Artisan High Income (APDFX) is managed by Bryan Krug, who manages over $3 billion in high yield credit investments for the firm. The fund seeks to generate high returns by investing not only in non-investment grade corporate bonds, but in secured and unsecured loans from US and non-US issuers. Krug’s process centers around 4 pillars: Business Quality, Financial Strength & Flexibility, Value Identification and Downside Analysis. By doing deep fundamental research of a company, Krug hopes to pick out companies who may be temporarily mis-priced by the market, but who otherwise have a strong financial base. The firm also employs a team of industry specific analysts, as one of their core beliefs is that the high yield bond market has cyclical industry dislocations which can be exploited. The process has served the fund well, as it has outperformed its benchmark handedly since the fund’s inception. In addition, prior to being asked to join Artisan, Krug ran a very successful credit fund called the Ivy High Income fund.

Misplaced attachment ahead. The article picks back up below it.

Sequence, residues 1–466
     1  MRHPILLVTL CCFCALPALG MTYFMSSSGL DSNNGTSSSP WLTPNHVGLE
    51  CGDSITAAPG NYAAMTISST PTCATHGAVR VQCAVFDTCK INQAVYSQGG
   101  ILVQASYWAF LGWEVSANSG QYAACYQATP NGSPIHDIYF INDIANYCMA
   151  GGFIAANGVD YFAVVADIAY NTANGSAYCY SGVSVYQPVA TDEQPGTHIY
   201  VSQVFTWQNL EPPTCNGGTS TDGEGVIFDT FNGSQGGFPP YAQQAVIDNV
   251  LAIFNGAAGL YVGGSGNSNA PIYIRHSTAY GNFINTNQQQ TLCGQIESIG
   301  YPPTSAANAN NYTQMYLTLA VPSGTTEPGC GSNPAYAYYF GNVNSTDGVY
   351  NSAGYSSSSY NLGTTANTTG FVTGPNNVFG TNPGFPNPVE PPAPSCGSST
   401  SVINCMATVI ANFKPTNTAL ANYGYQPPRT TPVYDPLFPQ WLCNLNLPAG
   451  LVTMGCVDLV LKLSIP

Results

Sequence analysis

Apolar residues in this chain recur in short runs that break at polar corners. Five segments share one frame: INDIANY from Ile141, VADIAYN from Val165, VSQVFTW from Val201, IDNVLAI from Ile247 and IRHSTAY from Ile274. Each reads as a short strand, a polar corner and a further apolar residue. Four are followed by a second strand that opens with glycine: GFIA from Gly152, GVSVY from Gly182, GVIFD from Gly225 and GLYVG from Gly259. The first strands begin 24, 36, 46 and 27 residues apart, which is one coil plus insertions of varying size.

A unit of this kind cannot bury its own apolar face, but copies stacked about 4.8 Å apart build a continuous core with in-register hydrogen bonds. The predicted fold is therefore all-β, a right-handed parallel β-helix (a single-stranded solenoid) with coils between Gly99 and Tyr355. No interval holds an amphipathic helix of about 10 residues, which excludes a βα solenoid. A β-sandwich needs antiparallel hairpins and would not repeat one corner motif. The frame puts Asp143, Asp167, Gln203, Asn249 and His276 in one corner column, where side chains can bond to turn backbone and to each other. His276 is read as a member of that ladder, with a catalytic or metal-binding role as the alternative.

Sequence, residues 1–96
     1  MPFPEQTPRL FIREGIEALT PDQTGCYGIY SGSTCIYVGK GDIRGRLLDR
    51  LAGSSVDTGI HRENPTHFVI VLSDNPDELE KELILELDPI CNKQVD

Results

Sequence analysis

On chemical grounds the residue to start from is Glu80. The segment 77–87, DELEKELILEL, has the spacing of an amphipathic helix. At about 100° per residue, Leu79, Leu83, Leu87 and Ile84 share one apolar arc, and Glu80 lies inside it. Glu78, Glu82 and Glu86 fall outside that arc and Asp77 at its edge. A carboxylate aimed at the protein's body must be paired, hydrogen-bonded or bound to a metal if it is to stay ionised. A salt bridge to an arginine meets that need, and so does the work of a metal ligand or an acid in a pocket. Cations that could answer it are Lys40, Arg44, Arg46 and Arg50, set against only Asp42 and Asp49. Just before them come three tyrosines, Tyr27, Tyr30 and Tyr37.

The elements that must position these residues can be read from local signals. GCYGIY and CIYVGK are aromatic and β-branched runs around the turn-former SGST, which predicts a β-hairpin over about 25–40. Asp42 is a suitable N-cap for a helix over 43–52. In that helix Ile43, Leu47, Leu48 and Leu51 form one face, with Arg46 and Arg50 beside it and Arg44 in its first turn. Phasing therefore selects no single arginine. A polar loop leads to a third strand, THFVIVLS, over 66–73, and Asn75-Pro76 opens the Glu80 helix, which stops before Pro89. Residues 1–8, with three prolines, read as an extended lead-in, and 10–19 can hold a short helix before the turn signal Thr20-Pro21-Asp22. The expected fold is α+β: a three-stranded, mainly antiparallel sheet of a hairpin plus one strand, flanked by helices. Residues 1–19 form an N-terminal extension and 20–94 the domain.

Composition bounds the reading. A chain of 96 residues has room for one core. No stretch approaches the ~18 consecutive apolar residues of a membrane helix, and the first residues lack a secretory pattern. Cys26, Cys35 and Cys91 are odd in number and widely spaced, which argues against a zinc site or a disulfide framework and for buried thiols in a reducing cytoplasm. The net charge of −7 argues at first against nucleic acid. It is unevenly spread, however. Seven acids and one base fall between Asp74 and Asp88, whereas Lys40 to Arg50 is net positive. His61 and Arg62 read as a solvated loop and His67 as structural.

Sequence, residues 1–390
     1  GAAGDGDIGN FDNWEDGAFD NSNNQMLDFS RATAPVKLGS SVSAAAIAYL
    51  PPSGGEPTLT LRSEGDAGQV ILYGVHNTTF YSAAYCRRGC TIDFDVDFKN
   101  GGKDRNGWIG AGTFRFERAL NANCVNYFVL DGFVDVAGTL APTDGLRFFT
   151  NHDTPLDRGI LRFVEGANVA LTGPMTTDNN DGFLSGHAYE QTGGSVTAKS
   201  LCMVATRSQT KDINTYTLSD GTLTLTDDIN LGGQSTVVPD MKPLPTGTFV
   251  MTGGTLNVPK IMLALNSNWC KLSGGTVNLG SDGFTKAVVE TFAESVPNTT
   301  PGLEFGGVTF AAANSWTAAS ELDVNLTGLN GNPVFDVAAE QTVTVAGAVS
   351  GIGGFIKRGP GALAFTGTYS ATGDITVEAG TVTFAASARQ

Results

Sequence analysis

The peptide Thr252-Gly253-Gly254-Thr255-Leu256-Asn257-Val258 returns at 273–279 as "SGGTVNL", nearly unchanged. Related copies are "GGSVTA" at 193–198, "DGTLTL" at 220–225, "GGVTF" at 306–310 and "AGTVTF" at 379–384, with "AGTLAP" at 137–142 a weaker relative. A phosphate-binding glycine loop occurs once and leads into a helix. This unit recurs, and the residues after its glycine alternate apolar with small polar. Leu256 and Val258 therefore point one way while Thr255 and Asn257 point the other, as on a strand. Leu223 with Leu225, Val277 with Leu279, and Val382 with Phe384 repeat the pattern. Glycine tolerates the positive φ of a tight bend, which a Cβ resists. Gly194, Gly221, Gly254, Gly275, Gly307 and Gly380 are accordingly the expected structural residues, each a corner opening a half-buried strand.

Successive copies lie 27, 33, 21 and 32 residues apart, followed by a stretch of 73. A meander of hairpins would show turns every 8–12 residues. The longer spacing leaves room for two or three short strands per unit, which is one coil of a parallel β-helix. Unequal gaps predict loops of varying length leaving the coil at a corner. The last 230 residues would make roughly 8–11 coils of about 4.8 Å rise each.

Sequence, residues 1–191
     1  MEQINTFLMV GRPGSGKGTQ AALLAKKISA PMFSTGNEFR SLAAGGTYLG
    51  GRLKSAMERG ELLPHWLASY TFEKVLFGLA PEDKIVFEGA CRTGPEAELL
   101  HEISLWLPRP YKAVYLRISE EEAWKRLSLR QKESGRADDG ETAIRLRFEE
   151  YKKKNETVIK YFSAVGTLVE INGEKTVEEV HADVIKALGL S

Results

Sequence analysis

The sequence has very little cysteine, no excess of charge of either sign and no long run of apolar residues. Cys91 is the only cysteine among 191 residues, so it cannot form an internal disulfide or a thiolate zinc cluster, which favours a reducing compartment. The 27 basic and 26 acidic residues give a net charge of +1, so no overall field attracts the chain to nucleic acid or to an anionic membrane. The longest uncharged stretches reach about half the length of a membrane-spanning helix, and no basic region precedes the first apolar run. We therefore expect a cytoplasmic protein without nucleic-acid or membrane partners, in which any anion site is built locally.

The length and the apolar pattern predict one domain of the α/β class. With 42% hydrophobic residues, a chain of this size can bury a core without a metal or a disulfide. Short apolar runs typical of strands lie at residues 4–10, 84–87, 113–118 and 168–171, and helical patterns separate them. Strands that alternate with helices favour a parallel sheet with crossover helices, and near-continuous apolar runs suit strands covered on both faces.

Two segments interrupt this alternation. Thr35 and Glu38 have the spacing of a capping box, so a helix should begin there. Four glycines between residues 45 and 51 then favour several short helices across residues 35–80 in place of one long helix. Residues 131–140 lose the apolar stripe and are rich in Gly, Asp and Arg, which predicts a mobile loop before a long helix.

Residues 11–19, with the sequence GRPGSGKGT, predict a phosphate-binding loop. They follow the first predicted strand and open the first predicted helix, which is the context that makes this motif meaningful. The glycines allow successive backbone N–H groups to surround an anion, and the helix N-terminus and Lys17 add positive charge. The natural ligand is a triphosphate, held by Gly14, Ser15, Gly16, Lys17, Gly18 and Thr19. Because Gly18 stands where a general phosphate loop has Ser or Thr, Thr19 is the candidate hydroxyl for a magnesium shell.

So, what happens next? We see a long, slow recovery with markets buoyed by positive health news and hurt by negative economic news. A depression or very severe recession seems to be off the table with the Federal Reserve willing to buy just about any asset at any price, including potentially stocks. We would not be surprised to see another downturn in stocks as the reality of millions of unemployed and an economic malaise with no end in sight wears on market nerves. And, of course, we will continue to see volatility above normal as we work through these unprecedented times. Be safe. We appreciate the trust you have placed in us. Please contact us if you would like to discuss your specific situation.